"The US Office of Personnel Management hack in June and the recently reported VTech hack are sharp reminders that attackers are having an impact on trusted organisations at scales almost unimaginable.
“These incidents have shown us yet again that once perimeter defences have failed, many organisations remain blind to in-progress attacks for long periods of time, until the business and reputational damage becomes impossible to contain," says Aurora.
"We have also observed breaches within organisations that have gone unnoticed for up to 200 days, before the vulnerability was brought to light.
“On that note, companies need to accept the new reality - the threat is, by default, inside organisations, and must be kept in check by continual monitoring and advanced detection," he says.
Machine Learning: Key to proactive cyber security
According to Gartner, information security has become a priority for businesses, with worldwide spending on information security projected to reach US$76.9 billion by the end of 2015.
The research firm highlighted the emergence of new technologies, which provide contextual information and security intelligence, as key to improving organisations' understanding of today's evolving internal and external threats.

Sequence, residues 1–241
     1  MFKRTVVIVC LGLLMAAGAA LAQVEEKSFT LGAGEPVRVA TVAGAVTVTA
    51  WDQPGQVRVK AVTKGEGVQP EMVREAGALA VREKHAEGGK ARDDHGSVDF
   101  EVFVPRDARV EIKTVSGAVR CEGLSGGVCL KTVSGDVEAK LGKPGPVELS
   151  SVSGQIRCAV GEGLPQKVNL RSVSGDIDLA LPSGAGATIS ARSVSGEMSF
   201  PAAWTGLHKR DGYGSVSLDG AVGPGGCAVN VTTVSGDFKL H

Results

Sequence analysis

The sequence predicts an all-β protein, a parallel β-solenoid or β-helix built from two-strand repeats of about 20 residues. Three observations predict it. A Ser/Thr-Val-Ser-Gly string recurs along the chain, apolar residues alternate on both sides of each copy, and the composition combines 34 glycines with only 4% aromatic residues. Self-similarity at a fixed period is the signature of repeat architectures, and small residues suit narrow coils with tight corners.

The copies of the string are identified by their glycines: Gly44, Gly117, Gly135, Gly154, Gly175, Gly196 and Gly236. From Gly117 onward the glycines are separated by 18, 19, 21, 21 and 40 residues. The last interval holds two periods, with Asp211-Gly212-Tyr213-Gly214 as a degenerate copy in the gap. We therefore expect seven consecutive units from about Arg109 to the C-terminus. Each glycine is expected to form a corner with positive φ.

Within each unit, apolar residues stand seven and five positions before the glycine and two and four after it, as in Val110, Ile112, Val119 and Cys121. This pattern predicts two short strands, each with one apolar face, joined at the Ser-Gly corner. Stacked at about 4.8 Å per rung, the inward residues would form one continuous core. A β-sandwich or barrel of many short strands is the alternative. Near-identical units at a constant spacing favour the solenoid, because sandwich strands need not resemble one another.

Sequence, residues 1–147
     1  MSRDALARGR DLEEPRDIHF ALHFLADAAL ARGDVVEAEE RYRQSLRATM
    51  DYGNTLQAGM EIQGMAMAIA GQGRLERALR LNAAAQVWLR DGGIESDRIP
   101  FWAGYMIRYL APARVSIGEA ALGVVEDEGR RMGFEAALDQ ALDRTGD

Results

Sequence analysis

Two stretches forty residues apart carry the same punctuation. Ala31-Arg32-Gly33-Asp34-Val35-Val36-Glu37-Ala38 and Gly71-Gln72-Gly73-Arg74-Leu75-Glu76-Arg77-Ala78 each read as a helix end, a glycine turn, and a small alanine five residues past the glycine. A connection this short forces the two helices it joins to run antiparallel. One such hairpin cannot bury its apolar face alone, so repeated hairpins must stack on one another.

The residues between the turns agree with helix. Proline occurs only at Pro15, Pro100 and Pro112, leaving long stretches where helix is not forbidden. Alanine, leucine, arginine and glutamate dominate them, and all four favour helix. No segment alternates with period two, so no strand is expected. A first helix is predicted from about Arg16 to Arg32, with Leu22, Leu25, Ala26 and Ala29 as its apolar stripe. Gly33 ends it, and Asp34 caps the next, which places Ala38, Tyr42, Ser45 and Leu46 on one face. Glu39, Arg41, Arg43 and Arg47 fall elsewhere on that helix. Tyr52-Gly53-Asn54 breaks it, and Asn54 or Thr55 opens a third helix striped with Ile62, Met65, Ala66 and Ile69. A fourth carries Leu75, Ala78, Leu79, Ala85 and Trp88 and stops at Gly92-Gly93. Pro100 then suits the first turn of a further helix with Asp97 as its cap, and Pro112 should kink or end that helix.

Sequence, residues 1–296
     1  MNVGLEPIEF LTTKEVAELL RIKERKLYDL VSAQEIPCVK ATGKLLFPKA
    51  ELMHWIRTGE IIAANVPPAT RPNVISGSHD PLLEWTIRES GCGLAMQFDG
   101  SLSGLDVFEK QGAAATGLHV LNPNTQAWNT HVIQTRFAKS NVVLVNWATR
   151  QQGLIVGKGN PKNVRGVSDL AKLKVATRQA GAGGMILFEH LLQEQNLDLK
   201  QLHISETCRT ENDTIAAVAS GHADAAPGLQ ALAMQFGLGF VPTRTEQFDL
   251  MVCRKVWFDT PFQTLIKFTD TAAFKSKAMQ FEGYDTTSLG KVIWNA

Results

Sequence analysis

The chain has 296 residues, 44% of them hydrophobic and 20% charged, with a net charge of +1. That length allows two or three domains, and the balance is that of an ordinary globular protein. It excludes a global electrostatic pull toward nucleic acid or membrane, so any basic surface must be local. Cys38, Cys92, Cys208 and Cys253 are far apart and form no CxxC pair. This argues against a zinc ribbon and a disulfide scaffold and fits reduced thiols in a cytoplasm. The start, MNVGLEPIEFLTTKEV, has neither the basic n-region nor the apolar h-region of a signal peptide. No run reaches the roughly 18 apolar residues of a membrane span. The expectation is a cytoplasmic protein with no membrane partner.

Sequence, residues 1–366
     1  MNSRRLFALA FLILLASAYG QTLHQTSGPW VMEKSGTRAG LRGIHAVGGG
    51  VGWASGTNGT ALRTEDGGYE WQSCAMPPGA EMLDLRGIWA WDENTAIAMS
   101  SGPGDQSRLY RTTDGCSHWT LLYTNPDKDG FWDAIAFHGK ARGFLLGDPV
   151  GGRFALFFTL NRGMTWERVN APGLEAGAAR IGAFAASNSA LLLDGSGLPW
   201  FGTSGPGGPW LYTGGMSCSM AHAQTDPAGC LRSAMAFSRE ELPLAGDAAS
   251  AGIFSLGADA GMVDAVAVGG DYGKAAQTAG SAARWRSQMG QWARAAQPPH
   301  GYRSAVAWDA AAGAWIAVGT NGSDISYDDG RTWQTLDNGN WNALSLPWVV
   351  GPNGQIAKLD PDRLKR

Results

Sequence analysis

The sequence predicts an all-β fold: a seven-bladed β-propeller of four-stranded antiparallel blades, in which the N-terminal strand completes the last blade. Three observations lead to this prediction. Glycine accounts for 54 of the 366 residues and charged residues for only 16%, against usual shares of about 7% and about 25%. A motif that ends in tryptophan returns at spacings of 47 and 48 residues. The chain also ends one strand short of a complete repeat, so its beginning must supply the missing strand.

Due to talent shortages, more than half of APAC organisations are seeking data-driven security capabilities to plug the gap.
"Whether we're talking about start-ups, SMEs, MNCs or public sector organisations, the importance of digital information - as well as the need for pragmatic knowledge in securing systems and data - remain consistent.
“Across the board, we're seeing a high incidence of threat actors unlawfully claiming and using intellectual property. These threat actors, who are also targeting young and innovative companies, could very well walk away with entire businesses.
“Cyber threats are not just an expensive annoyance, but can deal devastating blows to creative concepts and competitive positions," says Aurora.
"In 2015, the capability of machines to provide a full view of and automatically learn what is normal and abnormal within a network, as well as identify in-progress cyber-attacks, has been an important innovation for the cyber defence sector, especially when it becomes humanly impossible to keep up with every component within an organisation's expanding network.
“In 2016, companies that aim to be successful in proactive cyber security will need to embrace this model of 'immune system' technology, which continually looks out for network abnormalities and alerts the security team in real-time, before serious damage is done," Aurora says.
Security professionals must become more familiar with business risk
Regionally, cyber-attacks are estimated to have cost APAC businesses US$81 billion in the past 12 months, according to Aurora.
To safeguard revenue, reputation and intellectual property, the issue of cyber security has become a common topic during boardroom discussions, with policies being constantly developed to address ongoing cyber threats.
Furthermore, 45% of boards now participate in the formulation of security strategy, with that number set to increase in 2016.